As blood pressure is positively correlated with both HR and activity levels (Christofaro et al. 2017; Colangelo et al. 2020), we assessed changes in HR and activity scores post-ChAT administration. An immediate increase in HR is observed after either vehicle or ChAT administration as a result of intraperitoneal injection stress (Additional file 1: Fig. S2), eventually stabilizing at a level comparable to the vehicle control in the 24 h post-administration period (Fig. 3E). Unlike HR, body temperature responds slowly to stress and there is no difference in body temperature after ChAT or vehicle administration (Fig. 3F, Additional file 1: Fig. S3). As ChAT was administered in the middle of the light cycle (sleep cycle for mice), the animals are at their minimum activity levels prior to administration. Similar to changes in the HR, an initial increase in the activity levels is observed after injection stress. In the 24-h post-injection period activity levels were significantly increased with ChAT administration compared to vehicle administration (Fig. 3G, Additional file 1: Fig. S4).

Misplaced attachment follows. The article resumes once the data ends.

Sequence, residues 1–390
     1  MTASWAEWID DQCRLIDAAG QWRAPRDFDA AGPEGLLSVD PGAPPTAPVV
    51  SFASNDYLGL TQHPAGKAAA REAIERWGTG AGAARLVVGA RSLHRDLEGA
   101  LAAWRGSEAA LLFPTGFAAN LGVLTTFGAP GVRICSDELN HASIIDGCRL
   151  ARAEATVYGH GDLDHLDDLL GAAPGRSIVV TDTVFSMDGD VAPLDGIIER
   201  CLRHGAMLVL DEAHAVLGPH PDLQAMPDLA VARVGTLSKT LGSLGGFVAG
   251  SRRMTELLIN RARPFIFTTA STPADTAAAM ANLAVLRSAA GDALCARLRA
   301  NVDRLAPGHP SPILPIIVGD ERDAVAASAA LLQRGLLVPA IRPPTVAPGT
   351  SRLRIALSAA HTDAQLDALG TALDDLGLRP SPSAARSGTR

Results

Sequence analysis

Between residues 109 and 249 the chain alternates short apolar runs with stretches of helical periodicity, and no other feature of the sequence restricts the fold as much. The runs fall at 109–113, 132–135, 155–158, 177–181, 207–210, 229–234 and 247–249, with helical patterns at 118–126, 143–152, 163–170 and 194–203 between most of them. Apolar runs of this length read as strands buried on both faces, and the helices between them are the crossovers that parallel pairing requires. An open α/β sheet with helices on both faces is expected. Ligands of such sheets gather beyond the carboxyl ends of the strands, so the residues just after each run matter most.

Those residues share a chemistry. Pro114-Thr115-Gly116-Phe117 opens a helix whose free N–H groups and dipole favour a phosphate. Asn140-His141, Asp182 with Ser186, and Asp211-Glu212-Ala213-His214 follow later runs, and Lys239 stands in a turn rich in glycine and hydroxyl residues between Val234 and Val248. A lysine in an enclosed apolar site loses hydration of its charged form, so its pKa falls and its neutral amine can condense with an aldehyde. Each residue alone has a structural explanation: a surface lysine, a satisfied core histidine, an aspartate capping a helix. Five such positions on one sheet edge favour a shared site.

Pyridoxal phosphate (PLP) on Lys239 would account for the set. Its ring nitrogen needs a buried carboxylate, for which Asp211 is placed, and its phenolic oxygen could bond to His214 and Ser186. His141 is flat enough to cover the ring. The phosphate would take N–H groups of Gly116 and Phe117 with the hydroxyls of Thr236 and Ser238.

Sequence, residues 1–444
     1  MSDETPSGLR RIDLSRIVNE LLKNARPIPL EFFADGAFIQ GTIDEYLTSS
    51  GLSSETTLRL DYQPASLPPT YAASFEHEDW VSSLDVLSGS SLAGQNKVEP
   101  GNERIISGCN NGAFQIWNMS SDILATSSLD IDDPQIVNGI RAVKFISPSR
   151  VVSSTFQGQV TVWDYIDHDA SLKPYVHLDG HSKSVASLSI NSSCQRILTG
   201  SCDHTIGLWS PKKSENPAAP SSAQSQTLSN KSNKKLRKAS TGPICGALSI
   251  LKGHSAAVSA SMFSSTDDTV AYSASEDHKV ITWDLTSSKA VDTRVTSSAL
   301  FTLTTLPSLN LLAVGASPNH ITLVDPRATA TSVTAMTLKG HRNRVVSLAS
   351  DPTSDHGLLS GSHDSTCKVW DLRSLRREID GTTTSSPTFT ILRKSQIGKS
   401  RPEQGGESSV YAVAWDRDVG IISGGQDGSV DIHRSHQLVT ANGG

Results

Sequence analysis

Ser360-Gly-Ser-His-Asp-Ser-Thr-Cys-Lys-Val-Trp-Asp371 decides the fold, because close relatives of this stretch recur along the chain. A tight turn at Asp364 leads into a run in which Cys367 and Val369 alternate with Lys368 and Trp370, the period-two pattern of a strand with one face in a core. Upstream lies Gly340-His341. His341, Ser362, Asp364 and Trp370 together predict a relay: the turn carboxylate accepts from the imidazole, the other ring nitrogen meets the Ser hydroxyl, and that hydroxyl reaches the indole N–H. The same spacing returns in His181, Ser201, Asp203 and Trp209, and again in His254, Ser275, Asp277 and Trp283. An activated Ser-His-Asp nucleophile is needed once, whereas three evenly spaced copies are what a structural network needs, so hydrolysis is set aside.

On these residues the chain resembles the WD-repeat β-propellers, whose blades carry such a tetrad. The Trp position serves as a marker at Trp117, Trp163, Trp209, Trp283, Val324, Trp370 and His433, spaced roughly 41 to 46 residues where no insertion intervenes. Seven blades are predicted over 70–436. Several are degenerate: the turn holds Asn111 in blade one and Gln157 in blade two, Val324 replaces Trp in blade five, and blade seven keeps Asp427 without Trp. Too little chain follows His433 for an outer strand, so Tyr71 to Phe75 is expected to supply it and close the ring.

The relatively unchanged HR and activity levels after ChAT administration are consistent with a mechanism of ACh-induced vasorelaxation (Rabelo et al. 2008). ACh acts on muscarinic receptors on endothelial cells, and produces arterial relaxation by activating endothelial nitric oxide synthase that produces NO (Dimmeler et al. 1999). Based on the hypothesis that ChAT administration increases endogenous ACh production to induce vasorelaxation, we reasoned that ChAT-induced blood pressure decrease is NO-dependent. To investigate this mechanism, we administered nitric oxide synthase inhibitor Nω-nitro-l-arginine methyl ester (L-NAME), and measured blood pressure following administration of ChAT. Pre-treatment with L-NAME significantly attenuates ChAT-mediated decrease in blood pressure (Vehicle vs L-NAME: 4.3 ± 6.1%MAP × h vs 25.4 ± 4.9%MAP × h, p = 0.019, Fig. 3H). Together, these results indicate administration of recombinant ChAT decreases blood pressure through a NO-mediated endothelium-dependent vasorelaxation mechanism.
PEGylated ChAT retains activity and decreases blood pressure